The Home School Court Report
VOLUME XIX, NUMBER 4
- disclaimer -
July / August 2003


FEATURES
Homeschoolers shine at competitions
Ready for the new school year
Farris given prize
The tide turns with the Stumbo decision

Signs of the turning tide

Timeline of the Stumbo case

The Stumbos' thoughts
Bush signs bill to protect families

DEPARTMENTS
Along the way

The National Center for Home Education
Freedom Watch

Watching school choice issues
From the heart
Across the states
Members only
Active Cases
About Campus
President's page

Beyond our expectations

ET AL.

Prayer & Praise

a contrario sensu (on the other hand)

HSLDA social services contact policy/A plethora of forms

HSLDA legal contacts for March/April 2003



  LEGAL/LEGISLATIVE UPDATES  



ACROSS THE STATES

AL · AZ · CA · FL · HI · IA · IL · KS · MA · MD · ME · MI · MN · MO · MS · NC · NE · NV · NY · OH · OR · PA · PR · SD · TN · TX · UT · VA · WA · WV

MISSISSIPPI

Legislative proposals fail

A number of bills which would have affected home educators failed to pass the Mississippi Legislature during the 2003 session. Following is a summary of each of the bills tracked by Home School Legal Defense Association:

>>House Bill 220 would have changed the time for filing a certificate of enrollment in a home instruction program from September 15 to "before the beginning of the eleventh school day of each school year." Since many school districts start school in August, HSLDA opposed this bill because it would have reduced the time parents now have in deciding whether to homeschool.
>>House Bill 1041 would have permitted homeschool students to participate in athletics in public school if they passed an examination required by the state department of education to enter a public high school. HSLDA took a neutral position on this bill.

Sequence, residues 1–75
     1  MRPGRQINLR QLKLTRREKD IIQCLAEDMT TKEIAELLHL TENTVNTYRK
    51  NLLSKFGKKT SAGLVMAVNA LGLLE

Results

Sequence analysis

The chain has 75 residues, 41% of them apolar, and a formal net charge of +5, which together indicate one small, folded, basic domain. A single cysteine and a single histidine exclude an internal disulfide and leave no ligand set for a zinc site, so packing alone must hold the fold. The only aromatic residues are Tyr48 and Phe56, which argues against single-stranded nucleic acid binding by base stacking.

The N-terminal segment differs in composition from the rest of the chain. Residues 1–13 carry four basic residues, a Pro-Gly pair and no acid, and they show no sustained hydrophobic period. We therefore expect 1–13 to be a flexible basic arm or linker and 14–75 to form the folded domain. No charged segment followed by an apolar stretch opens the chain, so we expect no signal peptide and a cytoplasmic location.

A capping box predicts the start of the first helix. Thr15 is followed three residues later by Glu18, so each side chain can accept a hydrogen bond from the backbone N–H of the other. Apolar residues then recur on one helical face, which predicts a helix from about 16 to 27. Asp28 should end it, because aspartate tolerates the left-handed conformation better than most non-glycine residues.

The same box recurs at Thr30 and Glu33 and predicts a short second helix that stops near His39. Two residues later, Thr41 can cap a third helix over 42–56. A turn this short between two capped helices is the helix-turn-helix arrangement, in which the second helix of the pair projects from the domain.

>>House Bill 1309 would have lowered the compulsory attendance age from 6 to 5. HSLDA opposed this bill, because it would have expanded state oversight of education and required homeschooling families to comply with the home instruction law a year earlier than is now required.
>>Senate Bill 2083 was the "Religious Freedom Restoration Act." It would have prohibited the state from substantially burdening a person's free exercise of religion unless the state demonstrated that there was a compelling governmental interest and that the state action was the least restrictive means of fulfilling that interest. HSLDA supported this legislation.
>>Senate Bill 2108 would have authorized local school districts to dual enroll homeschool students if the parent requested it. This change in the law would have entitled the student to participate in any academic and extracurricular activities to the same extent public school students do now. HSLDA took a neutral position on this legislation.

Dewitt T. Black